The Weekend Image

The Weekend

By Sumner Forbes | June 24, 2024

Dating is always hunky dory until it comes time to meet the family. You know, there’s your odd aunt who knows the name of every bird species on the eastern seaboard and your uncle who thinks birds aren’t real, to begin with. All that’s before the discussion regarding the upcoming election cycle begins. It could always be worse, though. Your family could be part of an obscure Nigerian tribe that participates in untold terrors of the culinary world. Silver linings, right?

Thankfully, Daniel Oriahi’s Nigerian thriller The Weekend is there to remind us that we may not have it so bad after all. A midnight flick through and through, the film will satisfy those horror devotees looking for something off the beaten path. Going off the proverbial path is exactly what happens when Nikiya (Uzoamaka Aniunoh) meets the family of her fiancé Luc (Bucci Franklin) after he receives an invitation to their rural Nigerian villa from his estranged mother (Gloria Young). Before they arrive, they are accosted by shady security guards blocking the road to their villa as if to scare off any potential visitors.

Also joining the festivities will be Luc’s sister and her degenerate boyfriend (James Gardinergh), a man always ready to remind everyone that he’s a “man of substance”, though the bruises on his girlfriend make one question his virtues from the start. What a weekend this is shaping up to be! Full of music, dancing, and plenty of food that will make vegetarians sick to their stomachs. What could possibly go wrong? Let’s leave it at that, shall we?

“…he receives an invitation to their rural Nigerian villa…”

The Weekend does its job of bringing Western audiences a dose of gross-out horror from Nigeria, and the unique flair this cultural insight provides does wonders to make the film more distinct from countless others. The colors pop and the overall aesthetic makes it a visually unique experience, even if the overall narrative is a more paint-by-numbers exercise in horror cliches. This begs the question — is there enough in Oriahi’s film to make it a resounding success in a genre overflowing with content?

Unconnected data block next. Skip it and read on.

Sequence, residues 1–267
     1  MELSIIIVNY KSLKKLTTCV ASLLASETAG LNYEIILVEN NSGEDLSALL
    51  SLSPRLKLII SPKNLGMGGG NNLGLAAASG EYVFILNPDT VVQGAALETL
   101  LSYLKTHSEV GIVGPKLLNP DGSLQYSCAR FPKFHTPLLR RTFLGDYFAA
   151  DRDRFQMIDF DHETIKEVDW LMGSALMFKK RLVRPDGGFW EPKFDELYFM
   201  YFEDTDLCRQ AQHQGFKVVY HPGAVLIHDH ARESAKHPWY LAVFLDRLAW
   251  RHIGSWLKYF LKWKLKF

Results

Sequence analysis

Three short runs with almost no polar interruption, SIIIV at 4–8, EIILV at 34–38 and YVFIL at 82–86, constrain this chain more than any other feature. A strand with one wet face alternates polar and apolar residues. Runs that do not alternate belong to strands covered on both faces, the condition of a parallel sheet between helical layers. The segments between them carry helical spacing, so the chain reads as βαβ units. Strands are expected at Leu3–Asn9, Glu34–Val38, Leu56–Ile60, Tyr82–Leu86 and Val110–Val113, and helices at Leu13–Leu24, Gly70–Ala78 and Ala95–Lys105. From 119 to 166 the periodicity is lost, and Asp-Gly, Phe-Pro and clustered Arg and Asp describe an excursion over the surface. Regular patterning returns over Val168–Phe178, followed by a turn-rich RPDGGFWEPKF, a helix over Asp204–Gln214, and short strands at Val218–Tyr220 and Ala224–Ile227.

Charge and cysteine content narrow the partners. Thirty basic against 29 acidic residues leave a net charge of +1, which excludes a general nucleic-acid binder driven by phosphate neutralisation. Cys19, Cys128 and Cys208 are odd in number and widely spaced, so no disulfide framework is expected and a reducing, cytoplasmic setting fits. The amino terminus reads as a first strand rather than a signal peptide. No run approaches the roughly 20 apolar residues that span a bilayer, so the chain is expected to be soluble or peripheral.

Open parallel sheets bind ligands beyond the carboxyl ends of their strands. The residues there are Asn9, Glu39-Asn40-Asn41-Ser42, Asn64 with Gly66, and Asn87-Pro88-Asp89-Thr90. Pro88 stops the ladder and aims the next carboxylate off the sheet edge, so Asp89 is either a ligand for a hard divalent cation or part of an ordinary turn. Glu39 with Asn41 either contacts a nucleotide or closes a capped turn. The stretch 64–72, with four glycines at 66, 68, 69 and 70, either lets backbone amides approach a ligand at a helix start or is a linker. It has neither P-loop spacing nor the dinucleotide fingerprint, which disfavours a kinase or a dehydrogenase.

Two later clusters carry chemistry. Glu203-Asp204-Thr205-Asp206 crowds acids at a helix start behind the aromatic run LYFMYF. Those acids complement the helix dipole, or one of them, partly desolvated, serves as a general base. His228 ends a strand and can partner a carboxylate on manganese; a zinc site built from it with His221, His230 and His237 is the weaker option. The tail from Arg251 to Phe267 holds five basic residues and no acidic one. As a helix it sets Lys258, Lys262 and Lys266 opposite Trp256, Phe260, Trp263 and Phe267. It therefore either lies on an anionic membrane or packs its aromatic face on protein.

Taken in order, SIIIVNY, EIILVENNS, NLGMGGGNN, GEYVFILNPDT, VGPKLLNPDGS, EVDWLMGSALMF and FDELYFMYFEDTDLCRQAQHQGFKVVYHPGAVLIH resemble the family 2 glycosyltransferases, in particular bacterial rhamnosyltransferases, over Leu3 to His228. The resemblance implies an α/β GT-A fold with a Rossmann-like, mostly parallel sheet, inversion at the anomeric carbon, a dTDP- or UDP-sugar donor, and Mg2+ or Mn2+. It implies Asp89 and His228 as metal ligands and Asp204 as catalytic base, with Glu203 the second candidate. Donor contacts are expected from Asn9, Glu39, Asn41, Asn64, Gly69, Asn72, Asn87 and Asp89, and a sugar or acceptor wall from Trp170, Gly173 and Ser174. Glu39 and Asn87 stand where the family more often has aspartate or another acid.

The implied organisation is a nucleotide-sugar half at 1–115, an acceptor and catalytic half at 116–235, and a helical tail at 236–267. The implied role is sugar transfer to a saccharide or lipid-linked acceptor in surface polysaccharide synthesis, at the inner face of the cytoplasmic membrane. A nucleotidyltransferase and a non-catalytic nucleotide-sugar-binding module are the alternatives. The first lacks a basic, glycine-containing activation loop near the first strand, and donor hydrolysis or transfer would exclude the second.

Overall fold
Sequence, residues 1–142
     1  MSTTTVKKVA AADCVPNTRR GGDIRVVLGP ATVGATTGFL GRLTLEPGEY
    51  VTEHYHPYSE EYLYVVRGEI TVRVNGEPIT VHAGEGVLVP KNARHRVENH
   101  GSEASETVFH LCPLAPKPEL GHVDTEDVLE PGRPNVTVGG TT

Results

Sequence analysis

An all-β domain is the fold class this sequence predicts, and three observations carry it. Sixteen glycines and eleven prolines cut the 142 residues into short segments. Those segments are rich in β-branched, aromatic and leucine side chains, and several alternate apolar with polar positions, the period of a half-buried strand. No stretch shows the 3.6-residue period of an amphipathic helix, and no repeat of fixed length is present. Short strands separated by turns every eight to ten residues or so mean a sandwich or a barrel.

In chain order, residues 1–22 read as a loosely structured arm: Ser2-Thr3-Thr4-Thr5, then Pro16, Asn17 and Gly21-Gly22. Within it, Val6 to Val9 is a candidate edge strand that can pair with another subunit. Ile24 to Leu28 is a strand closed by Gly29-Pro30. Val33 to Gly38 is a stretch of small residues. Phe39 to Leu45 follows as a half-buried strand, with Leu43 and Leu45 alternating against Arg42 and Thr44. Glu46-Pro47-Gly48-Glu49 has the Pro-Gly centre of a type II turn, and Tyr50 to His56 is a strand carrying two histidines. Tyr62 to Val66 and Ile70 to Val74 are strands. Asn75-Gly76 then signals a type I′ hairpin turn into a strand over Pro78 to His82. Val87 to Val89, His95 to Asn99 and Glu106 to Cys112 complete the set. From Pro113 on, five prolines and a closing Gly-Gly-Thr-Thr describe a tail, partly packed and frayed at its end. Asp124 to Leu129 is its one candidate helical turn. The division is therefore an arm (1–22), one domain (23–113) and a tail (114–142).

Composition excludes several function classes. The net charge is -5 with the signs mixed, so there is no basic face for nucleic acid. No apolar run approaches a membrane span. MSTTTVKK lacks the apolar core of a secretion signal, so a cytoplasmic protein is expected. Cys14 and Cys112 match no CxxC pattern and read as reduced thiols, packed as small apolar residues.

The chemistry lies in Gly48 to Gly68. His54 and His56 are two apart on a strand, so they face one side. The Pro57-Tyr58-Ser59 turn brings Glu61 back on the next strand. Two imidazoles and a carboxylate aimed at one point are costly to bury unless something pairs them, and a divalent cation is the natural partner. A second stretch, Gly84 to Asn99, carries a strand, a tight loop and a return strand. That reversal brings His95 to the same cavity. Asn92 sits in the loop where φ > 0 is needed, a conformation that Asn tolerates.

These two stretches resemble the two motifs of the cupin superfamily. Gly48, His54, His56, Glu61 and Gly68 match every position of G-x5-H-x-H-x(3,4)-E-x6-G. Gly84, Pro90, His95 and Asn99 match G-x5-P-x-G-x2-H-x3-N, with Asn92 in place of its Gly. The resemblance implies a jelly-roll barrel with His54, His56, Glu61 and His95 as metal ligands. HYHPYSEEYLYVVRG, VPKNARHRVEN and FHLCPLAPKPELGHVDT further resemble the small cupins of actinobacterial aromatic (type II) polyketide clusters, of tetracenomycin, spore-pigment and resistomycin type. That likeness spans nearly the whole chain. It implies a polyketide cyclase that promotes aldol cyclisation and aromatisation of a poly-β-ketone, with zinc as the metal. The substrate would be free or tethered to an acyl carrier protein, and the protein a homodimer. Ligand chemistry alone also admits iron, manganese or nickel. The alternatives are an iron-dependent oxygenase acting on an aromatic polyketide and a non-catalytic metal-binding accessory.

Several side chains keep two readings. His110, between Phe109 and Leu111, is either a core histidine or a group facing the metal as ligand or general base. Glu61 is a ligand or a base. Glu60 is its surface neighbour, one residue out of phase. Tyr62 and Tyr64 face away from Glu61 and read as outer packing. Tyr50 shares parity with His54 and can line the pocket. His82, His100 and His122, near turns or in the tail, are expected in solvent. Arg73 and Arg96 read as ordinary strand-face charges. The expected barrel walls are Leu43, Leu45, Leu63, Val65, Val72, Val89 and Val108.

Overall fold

It’s definitely close to checking all of the boxes. Aniunoh and Franklin both impress with their screen presence and pathos instead of phoning it in as many would in a genre film of this ilk. On the other hand, some of the other characters feel one-dimensional. While a bloody horror film may not necessarily need complicated characters in every role, surprise performances do help add layers that make the overall experience more memorable.

It’s also hard not to mourn the length of The Weekend. The pacing starts to run out of gas at around the 90-minute mark, and the narrative feels over-extended for the remaining thirty minutes. Still, perfection is never the expectation, and for all of its shortcomings, one will find oneself thinking about Oriahi’s film long after the credits roll, at which point any potential vegans in the audience can finally put away their barf bags and go back to their Impossible Burgers.

The Weekend (2024)

Directed: Daniel Oriahi

Written: Freddie O. Anyaegbunam Jr., Vanessa Kanu, Egbemawei Dimiyei Sammy

Starring: Uzoamaka Aniunoh, Bucci Franklin, Damilola Ogunsi, Meg Otanwa, etc.

Movie score: 7/10

The Weekend Image

"…satisfy those horror devotees looking for something off the beaten path..."

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